Dutch painter Piet Mondrian was one of the early pioneers of abstraction. His grid paintings-using only black, white, and primary colors-are among the most recognizable symbols of modern art.
Mondrian was born near Utrecht in the Netherlands in 1872. He divided his time between the Netherlands and France until the onset of World War II, when he fled to London and New York to escape the Nazis.
Mondrian was raised Calvinist and joined the Theosophical Society, which believed that everything in the world comes from a single source and that spirit and matter are inseparable. He applied these ideas to his work by using images and color to reveal truths about the world.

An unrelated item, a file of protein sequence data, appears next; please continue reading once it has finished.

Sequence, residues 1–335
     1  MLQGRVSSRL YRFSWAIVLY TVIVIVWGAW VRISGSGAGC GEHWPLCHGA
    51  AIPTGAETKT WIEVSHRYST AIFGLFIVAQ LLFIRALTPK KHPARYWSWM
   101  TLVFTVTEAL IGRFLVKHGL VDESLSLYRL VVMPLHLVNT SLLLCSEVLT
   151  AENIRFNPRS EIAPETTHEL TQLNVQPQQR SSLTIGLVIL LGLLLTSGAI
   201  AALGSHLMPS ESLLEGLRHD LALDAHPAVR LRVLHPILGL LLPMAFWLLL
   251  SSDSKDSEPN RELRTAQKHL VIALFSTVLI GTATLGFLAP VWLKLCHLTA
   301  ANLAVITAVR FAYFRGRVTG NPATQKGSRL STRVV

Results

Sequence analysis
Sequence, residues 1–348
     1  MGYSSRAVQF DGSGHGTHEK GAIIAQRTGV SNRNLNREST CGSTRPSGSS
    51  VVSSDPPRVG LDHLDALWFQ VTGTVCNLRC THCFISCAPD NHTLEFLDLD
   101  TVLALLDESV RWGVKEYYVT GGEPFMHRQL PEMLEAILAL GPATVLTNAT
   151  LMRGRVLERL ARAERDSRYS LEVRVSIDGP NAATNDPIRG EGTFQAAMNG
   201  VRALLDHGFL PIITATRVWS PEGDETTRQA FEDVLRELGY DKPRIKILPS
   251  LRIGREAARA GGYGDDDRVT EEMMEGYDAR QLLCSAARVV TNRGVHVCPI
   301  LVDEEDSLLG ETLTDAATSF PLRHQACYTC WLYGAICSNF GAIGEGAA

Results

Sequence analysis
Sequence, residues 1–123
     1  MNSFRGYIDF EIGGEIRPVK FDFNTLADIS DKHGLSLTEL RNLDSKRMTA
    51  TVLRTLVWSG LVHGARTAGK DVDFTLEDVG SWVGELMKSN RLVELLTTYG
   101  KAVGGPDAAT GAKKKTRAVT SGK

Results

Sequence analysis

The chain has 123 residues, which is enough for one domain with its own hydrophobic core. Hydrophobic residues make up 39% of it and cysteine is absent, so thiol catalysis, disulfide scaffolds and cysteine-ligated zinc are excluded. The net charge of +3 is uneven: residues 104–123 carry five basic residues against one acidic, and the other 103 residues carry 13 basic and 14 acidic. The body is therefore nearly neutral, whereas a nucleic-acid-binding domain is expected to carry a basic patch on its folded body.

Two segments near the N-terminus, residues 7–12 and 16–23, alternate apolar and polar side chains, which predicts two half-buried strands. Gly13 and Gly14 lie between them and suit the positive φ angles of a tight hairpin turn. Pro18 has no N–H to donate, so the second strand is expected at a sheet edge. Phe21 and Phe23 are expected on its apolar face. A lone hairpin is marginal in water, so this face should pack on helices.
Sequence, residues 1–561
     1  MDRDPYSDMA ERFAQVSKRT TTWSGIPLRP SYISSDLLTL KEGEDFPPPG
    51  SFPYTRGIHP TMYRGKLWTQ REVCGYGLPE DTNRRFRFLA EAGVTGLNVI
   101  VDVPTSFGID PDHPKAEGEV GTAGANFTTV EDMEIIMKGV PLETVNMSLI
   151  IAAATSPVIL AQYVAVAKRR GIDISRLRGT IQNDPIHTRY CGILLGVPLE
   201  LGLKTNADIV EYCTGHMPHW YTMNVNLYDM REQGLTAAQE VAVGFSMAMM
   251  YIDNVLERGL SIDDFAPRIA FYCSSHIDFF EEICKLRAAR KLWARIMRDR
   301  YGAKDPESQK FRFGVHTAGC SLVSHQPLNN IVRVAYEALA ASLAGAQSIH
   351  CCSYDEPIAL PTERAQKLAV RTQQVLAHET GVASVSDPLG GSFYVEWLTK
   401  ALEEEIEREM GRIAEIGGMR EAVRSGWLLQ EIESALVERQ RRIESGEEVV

In 1917 he, and fellow Dutch artist Theo van Doesburg, published De Stijl, a magazine that explored the pure essence of line and color. From these ideas Mondrian developed Neo-Plasticism, which limited the palette to the three primary colors and a black grid on a white ground.
Each time Mondrian moved he transformed his studio, mounting colored panels on the walls, which many people have linked to his Neo-Plastic compositions. Scholars have stated that by his death his personality became inseparable from the environment of his studio.
He enjoyed moderate success during his lifetime, but his reputation grew considerably following his death in 1944. James H. and Lillian Clark of Dallas gave nine out of the twelve Mondrian paintings and drawings currently at the Dallas Museum of Art.